Before Game 4, I figured that if the W's won Game 4 then they'd take the series. Now? Well they're going to have to reach pretty deep. But I think they can still do it. Heck, they're THAT close to being up 3-1 themselves.

No matter how far the Warriors got in the playoffs, and even as I was celebrating their destruction of the Mavs, I never thought the Warriors style would bring them consistent, long term success (I mean in a 60 win season type of way.) It's too relentlessly physical, too much for them to handle for a long NBA season. Baron Davis- how much gas does he have left in the tank? I have a funny feeling that he is either going to drop 40 next game, or totally flame out along with the rest of the team. It could really go either way, like Schrodinger's cat.

I am also not as crestfallen that the Warriors are down, which maybe makes me a bandwagoner as well. But I really used to hate Utah, and now respect Williams, Boozer, AK, and even Mehmet for God's sake. And no matter what, we'll always have Dallas... (literally, since I have most the games saved.)

 
At 5/14/2007 6:37 PM, Anonymous neck of eackles said...

This narrative of the free-love Warriors only thriving when they self-actualize and throw off the shackles of "right way"... I just don't think it describes the actual game. They lost because their threes weren't falling. (Maybe also because Jackson couldn't dominate Harpring/Giricek quite as easily as he thought he should, and because Richardson forgot how to create his own shot.) I'm not necessarily saying they shouldn't have chucked up all those threes -- some were definitely bad shots, but those bad shots are what got them this far, so who knows -- but I didn't really see them trying anything particularly smart or "right."

 
At 5/14/2007 7:17 PM, Anonymous iverson fan said...

Maybe the Suns, Nuggets and Warriors losing has less to do with their style of basketball and more to do with the fact that this is the first year for each respective starting five. I'm not saying you guys are over analyzing it, I'm just saying that you are over analyzing it. Let these teams keep the same starting five for more than a year and then lets see how they do.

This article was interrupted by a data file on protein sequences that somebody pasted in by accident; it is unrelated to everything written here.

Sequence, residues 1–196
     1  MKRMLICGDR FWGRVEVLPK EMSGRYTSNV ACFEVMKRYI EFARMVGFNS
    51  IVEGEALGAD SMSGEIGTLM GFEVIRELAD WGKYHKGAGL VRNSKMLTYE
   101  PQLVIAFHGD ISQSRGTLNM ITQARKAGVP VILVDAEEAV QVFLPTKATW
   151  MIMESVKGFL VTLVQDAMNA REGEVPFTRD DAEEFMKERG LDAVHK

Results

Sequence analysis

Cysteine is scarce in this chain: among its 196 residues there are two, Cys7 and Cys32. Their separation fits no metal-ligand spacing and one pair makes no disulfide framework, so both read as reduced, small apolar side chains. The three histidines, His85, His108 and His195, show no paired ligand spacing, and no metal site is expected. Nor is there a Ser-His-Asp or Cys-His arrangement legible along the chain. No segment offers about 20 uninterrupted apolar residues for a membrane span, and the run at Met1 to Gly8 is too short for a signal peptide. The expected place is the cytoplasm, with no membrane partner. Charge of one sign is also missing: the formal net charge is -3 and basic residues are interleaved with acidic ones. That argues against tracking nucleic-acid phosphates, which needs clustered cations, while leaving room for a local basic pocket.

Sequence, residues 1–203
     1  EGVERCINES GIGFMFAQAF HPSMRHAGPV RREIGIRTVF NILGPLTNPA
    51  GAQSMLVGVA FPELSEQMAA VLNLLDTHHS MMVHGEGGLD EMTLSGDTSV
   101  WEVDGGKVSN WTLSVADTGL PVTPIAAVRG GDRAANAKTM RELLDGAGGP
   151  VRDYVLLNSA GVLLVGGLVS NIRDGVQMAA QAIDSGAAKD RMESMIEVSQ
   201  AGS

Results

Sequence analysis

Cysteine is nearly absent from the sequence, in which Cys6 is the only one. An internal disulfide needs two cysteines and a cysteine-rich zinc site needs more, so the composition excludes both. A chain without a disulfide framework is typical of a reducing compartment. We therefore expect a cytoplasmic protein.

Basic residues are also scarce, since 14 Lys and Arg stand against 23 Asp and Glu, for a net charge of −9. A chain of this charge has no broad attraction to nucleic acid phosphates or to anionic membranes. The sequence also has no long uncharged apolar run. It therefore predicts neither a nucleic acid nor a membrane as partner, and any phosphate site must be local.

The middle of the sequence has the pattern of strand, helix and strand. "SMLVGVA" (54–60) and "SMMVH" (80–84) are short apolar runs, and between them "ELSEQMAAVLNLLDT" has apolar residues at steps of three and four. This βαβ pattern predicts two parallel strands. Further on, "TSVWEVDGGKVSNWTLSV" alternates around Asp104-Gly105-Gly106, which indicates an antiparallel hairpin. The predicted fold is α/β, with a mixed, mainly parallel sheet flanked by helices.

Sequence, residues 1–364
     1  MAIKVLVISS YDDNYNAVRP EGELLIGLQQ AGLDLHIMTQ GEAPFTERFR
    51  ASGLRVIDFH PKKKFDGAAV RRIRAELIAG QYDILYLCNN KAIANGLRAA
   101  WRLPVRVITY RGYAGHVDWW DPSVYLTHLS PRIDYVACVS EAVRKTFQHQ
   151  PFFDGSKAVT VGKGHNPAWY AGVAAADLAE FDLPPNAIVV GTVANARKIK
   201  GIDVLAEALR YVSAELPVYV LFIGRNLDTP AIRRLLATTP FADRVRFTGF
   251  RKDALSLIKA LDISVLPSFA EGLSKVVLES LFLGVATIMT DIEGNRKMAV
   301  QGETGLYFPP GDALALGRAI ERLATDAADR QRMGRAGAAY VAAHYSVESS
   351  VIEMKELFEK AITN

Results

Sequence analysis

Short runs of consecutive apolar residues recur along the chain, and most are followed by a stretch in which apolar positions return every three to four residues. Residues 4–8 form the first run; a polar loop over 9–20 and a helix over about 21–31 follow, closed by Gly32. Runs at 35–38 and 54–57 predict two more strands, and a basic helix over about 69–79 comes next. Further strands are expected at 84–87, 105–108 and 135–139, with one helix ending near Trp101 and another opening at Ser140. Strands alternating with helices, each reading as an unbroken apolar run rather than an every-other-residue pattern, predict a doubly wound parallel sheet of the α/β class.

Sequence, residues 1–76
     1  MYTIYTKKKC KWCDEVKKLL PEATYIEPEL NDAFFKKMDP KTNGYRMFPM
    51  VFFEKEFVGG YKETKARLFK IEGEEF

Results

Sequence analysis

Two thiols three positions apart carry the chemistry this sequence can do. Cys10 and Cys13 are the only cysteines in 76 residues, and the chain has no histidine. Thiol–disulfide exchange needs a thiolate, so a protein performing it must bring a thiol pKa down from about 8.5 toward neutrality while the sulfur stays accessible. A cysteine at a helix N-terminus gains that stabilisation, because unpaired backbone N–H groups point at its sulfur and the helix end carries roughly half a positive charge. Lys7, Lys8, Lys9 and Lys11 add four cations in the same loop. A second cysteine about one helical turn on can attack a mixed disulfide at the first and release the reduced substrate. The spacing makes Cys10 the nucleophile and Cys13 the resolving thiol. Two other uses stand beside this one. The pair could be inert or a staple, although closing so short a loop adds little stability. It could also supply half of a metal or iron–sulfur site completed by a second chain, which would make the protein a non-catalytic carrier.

The Spurs and Pistons know who they are because they're GMs have been pretty consistent and not shaken the whole team up like Cuban did with the Mavs when they signed Jamison and Toine. Let these guys have a chance to grow as a group. Don't split up the Suns if they lose to the Spurs. Bring back the exact same team plus Noah and beat the Spurs next year.

 
At 5/14/2007 8:11 PM, Blogger BenQRock said...

Iverson fan, I'm guessing you would disagree with Bill Simmons' latest column, in which he states the Suns must trade for Kevin Garnett if the Spurs eliminate them from the playoffs. Put another way, you'd be more in favor of letting the Suns, and other such teams, incubate for a period before dismissing the run-and-gun trend as dead. Right?

 
At 5/14/2007 8:22 PM, Blogger MC Welk said...

Where's Bethlehem Shills today? I can't even find him over at AOL, Scott Hastings breakdowns notwithstanding.

 
At 5/14/2007 9:41 PM, Blogger Ben Q. Rock said...

Anyone else catch Vince Carter snarl "I'm gonna get your ass" at Sasha Pavlovic? High comedy.

 
At 5/14/2007 9:41 PM, Blogger Wild Yams said...

Iverson Fan, there's some validity to that, although I daresay that the Mavs probably had more stability this year in the playoffs than the Warriors did. I just think that even the most runningest-and-gunningest of teams have to be able to settle down and execute in a half-court set without being overly reliant on three-pointers when it's time to do it. Even the Showtime Lakers could set up their offense and could execute in crunch time after fast-breaking all game long.